OSWEGO — The travails and triumphs of Edward Austin Sheldon, who founded what is now known as SUNY Oswego, will come to life when a famous alumna and four students present excerpts of his autobiography, letters and favorite music in “Speaking of Sheldon …” on Feb. 25 and 26.
The original production will take place at 7:30 p.m. Feb. 25 and 2 p.m. Feb. 26, in the Sheldon Hall ballroom, starring Robin Curtis, ’78, best known for her role as Lt. Saavik in two “Star Trek” movies and on television’s “Star Trek: The Next Generation.”
Under the direction of Mark Cole, professor of theatre, and Rebecca Horning, adjunct instructor of music, the dramatic reading with the assistance of lullaby, hymn and song will explore one of the 19th century’s foremost educators. The college continues to celebrate the sesquicentennial of the Oswego Primary Teachers’ Training School, whose first year of study took place in 1861-62.
“A readers theatre approach to performance places a writer’s text in the foreground, so that character and description, the writer’s style and voice can be appreciated,” Cole said.
Curtis and experienced student cast members Jessica Quindlen, Nick Pike, Clare Bawarski and Michael Beshures all will, in turn, give voice to Sheldon and important people in the life of the man who, in his own words, “despised learning of all kinds” as a boy — and went on to champion the object learning method. He adapted this into the Oswego Method, which became embraced across the U.S. and in other countries.
The student cast members are generous in their praise of Curtis, who retired as a professional actress in 1999 and now lives in Cazenovia.
“She has a presence, immediately, when she’s speaking as Sheldon,” Quindlen said. “She brings a sort of knowledge and questioning attitude and she looks at the text differently than we do.”
Bawarski added, “When she asks questions, it opens a window for the rest of us. We say, ‘I didn’t think of it this way. Perhaps I should have looked at it this way.'”
Cole, who performed with Curtis at Springside Inn in Auburn in the ’70s and later worked with her in a readers theatre presentation he adapted based on the story of the Titanic, said the text of Sheldon’s unpublished autobiography intrigued him.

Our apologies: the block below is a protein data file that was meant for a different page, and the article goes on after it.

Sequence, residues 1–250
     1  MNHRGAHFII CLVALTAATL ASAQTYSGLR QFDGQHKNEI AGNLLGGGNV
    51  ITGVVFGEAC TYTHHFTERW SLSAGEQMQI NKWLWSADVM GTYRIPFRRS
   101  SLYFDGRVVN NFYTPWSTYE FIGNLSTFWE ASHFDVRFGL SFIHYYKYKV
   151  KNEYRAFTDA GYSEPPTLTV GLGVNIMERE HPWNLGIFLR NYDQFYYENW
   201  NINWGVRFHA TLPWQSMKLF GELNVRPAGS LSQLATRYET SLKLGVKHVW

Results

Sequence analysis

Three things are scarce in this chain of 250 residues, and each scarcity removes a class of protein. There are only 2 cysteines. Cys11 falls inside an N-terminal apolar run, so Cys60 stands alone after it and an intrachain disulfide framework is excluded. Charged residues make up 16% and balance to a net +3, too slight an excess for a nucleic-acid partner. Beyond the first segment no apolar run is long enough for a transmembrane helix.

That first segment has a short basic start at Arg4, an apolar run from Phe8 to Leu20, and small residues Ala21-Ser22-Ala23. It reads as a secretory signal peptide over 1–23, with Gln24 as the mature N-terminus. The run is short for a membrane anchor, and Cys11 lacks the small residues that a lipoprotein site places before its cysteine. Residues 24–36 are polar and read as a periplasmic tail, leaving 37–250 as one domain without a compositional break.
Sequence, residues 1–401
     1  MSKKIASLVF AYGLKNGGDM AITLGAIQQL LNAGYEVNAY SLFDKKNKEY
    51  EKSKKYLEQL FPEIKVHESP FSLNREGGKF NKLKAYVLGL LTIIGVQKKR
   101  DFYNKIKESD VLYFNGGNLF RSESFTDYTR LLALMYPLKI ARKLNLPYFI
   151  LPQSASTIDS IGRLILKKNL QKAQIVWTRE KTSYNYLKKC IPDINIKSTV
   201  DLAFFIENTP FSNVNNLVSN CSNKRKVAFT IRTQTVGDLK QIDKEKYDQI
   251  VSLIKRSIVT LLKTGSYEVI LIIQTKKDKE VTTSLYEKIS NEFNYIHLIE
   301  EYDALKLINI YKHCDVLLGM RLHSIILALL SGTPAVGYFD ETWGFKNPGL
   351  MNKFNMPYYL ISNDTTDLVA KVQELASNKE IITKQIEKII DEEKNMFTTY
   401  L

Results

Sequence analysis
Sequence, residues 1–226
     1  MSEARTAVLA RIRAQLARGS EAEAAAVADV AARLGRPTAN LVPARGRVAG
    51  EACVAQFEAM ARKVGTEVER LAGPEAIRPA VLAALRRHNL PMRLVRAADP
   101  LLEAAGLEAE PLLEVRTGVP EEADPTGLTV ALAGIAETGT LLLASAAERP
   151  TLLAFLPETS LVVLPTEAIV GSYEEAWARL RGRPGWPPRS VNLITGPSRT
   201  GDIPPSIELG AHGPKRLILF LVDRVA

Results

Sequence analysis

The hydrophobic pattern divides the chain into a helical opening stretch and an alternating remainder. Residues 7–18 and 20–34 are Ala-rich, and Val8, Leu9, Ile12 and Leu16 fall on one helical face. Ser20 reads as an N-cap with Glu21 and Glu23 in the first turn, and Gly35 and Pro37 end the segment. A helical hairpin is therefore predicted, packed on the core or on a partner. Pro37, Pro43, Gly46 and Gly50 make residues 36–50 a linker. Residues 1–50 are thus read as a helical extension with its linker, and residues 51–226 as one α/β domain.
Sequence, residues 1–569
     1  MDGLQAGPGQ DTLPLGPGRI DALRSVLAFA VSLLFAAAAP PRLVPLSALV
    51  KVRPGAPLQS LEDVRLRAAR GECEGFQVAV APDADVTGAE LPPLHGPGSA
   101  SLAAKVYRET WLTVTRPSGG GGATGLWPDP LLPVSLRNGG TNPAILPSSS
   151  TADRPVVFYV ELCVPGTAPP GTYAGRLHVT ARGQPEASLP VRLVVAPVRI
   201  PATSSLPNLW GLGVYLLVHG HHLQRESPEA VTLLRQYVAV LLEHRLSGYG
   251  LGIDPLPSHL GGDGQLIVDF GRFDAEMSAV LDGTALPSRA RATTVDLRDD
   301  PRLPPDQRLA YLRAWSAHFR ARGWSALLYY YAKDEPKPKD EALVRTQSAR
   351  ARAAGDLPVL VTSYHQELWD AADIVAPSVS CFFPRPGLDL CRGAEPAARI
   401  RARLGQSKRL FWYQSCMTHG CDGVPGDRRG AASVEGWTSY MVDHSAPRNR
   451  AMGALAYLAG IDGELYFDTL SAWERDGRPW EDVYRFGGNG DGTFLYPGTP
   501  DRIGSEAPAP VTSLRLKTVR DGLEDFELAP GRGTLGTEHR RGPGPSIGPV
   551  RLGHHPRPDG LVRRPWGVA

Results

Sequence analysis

“I was immediately drawn to Sheldon’s ability to describe his life and times — particularly his rural upbringing which must have shaped his work ethic — in ways that not only offer a portrait of his development, but also fascinating bits of information about social life and education in the 19th century,” Cole said.
Most intriguing, he said, is Sheldon, the learning-averse boy who ultimately founded a college and propelled a teaching method that still holds sway today.
“When someone has such a sterling reputation, you forget all about the human quirks and qualities,” Cole said. “Humor, love of a good time, dedication, spirituality, his work in the Oswego community.”
Necessarily, Cole said, the dramatic reading has to leave a lot out. But one thing Cole and Horning were determined to stage is Sheldon’s love of music, particularly a favorite hymn, “Calm Me, O God,” which surfaced in an anniversary book about the college.
“So the music will add to the texture of the portrait. A lullaby, 19th century parlor songs, the hymns and a parody of a Gilbert and Sullivan patter song are included in the show,” he said.
The students in the cast feel they’re part of the stream of the college’s long history.
“I’m a technology education major,” Beshures said. “We talk about the object teaching method a lot — getting students involved in a laboratory setting, experiencing as they learn. To connect this with my (teaching) methods and lab classes is fantastic.”
Tickets to “Speaking of Sheldon …” cost $5 ($3 for SUNY Oswego students) and are available at any SUNY Oswego box office, online at http://tickets.oswego.edu and by phone at 312-2141.
Parking is free in campus lots for those attending this performance. Those needing assistance should call 312-2141 in advance.